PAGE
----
You can’t imagine Easter without a pom pom today. More than a hundred years ago, the Czech historian and ethnographer Čeněk Zíbrt lamented that “Traces of this can only be found in our countryside. Even there, however, the pompadour will slowly die out”however, pomlázka has remained a symbol of Easter to this day.
Some scholars see the whipping of girls on Easter Monday as an act of seduction. That’s why she gave the boys painted eggs for beating the boy. According to etymologists, the word “pomlázka” is derived from the term “rejuvenation”. The whipping of the wicker was supposed to keep girls young and fresh. However, there is evidence from some medieval theologians that people broke their twigs at Easter to commemorate the flagellation of Christ before his death on the cross.
Easter eggs, i.e. decorated eggs, are an integral part of Easter. Today, this custom is gradually disappearing, but in the past, girls painted eggs as a reward for singers with the obvious. Each girl would usually create a special egg for a particular boy and then draw or write a love message on the Easter egg. The color often used to paint Easter eggs was red. It represents the color of love, but at the same time it symbolizes the blood of Jesus Christ shed for the salvation of men.
Egg painting is probably one of the oldest customs, as evidenced by archaeological finds of broken colored eggs dating back to ancient times. In our countries, shells decorated with painted geometric shapes have been found as a charity in medieval tombs. Eggs painted in this way, inserted by the dead on the last journey, were connected with the faith of our ancestors in the afterlife.
Several legends tell about the origin of Easter eggs. According to one of them, the Virgin Mary gave eggs to the soldiers who were to crucify Jesus. With this gift, she wanted to relieve the suffering of her son. As Mary cried as she passed the eggs, her tears fell onto the shells and turned into colorful ornaments.
The Lamb is already a traditional symbol of Easter, it is one of the oldest and most represented symbols of Christianity. The origin of the Christian lamb is found in the biblical Old Testament. The God of the Old Testament is described as a good shepherd who leads his flock of sheep, the believing people. In the Bible, we also read that the most frequently sacrificed animal of the people of Israel was the lamb. The roasted animal, in turn, served as a ceremonial meal. In the New Testament, the lamb appears as a symbol of Jesus Christ and the embodiment of innocence or obedience. The church itself did not initially represent the crucified Christ, represented by the lamb next to the cross, sometimes accompanied by a halo. The representation of the lamb with a banner refers to the resurrection of Jesus.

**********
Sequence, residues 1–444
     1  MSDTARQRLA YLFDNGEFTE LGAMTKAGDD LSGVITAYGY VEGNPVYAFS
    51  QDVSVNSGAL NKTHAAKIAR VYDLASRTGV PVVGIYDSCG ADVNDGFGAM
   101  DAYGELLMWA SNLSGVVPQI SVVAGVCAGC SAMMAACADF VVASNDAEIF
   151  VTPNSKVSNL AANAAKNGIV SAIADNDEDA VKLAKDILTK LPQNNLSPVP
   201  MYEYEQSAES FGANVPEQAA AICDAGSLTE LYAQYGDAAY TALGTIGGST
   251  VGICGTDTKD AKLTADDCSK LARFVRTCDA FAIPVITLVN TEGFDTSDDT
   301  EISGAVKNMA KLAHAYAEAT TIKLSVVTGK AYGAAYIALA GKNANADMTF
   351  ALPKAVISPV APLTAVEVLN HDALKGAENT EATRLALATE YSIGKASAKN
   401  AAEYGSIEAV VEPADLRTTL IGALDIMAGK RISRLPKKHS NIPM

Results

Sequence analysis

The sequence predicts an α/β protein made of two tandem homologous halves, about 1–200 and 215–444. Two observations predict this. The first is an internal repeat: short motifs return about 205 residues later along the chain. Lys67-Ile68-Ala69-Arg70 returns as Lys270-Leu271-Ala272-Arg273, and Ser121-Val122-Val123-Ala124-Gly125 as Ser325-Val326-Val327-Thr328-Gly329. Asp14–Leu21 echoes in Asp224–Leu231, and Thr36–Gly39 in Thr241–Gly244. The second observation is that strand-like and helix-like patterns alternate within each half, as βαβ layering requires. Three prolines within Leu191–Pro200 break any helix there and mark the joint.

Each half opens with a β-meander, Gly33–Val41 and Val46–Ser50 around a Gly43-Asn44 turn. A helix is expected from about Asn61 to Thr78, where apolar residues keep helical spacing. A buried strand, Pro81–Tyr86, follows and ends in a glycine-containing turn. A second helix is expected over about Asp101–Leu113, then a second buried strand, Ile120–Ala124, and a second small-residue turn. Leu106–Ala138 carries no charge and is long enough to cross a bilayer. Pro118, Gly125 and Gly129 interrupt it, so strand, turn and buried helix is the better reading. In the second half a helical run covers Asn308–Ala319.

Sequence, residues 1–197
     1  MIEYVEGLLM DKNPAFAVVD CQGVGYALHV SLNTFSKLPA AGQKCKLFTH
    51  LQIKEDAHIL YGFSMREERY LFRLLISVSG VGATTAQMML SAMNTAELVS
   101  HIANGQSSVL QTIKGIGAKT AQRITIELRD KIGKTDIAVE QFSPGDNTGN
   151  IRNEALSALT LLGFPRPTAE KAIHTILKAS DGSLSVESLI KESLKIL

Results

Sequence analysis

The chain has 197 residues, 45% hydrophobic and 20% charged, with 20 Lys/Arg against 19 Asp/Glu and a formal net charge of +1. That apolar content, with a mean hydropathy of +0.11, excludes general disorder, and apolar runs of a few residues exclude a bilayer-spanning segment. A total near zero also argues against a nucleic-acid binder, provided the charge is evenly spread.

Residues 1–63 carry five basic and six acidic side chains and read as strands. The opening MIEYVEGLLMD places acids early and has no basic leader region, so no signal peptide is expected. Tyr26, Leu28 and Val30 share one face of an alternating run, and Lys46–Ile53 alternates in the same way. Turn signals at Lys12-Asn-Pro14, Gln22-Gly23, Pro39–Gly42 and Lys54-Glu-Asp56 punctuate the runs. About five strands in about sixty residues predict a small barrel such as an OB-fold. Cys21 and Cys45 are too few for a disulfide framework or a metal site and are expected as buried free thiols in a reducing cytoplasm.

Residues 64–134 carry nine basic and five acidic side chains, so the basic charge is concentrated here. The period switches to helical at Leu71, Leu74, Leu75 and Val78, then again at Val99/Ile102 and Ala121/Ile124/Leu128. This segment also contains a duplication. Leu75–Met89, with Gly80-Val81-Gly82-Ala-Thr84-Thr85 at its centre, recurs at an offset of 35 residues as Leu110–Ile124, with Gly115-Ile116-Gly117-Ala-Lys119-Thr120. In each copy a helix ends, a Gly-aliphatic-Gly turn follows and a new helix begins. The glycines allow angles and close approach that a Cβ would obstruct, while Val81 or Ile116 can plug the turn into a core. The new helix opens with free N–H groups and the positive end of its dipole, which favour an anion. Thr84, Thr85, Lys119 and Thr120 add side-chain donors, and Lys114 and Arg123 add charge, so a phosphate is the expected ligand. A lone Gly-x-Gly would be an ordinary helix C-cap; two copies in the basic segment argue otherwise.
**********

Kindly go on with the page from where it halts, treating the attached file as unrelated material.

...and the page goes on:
Today, lamb is baked at Easter as a sweet pastry dessert, decorated with whipped cream or chocolate icing. Until the 19th century, however, lamb was traditionally prepared during the Easter holiday.
Mazanec is a traditional ceremonial pastry, one of the oldest. Its shape resembles bread, that is, the gift of God. The real Easter cake is decorated with an engraved cross, a symbol of the death of Jesus Christ.
Evidence of baking flatbreads dates back to the Middle Ages, when raw materials were definitely not spared during preparation. Large quantities of eggs and cottage cheese were added to the medieval Easter ceremonial pastry. In the 18th century, spreads were baked from cottage cheese flour, which is why they were sometimes called “cheesecakes”. From the very beginning, this pastry was supposed to be on the Easter table in every family and fill the stomachs of the poor and hungry.
In the past, Easter folk festivals did not pass without wooden rattles. The church bells, which according to legend “flew to Rome”, ceased to ring on Maundy Thursday. The role of the bells was therefore represented by boys with rattles, the noise of which was to serve instead of ringing. The custom of making noise with a primitive musical instrument has its origins in pre-Christian times, when our ancestors drove away the forces of evil in this way, which could perhaps prevent the arrival of spring. With Christianity, the sound of Easter rattles was originally meant to symbolize the confusion among the people caused by the crucifixion of Christ. Later the ratchets replaced the sound of the bells and the boys also used them to sing in the village.
Ratchets were often made by skilled bachelors themselves, and sometimes the tools were kept in the family for generations. By the 19th century, ratchets were already a commonly available item in markets. A special type of this instrument were the large rattles made for the needs of churches, evidently as early as the 16th century. The noise of the rattles announced to the people the beginning of the service.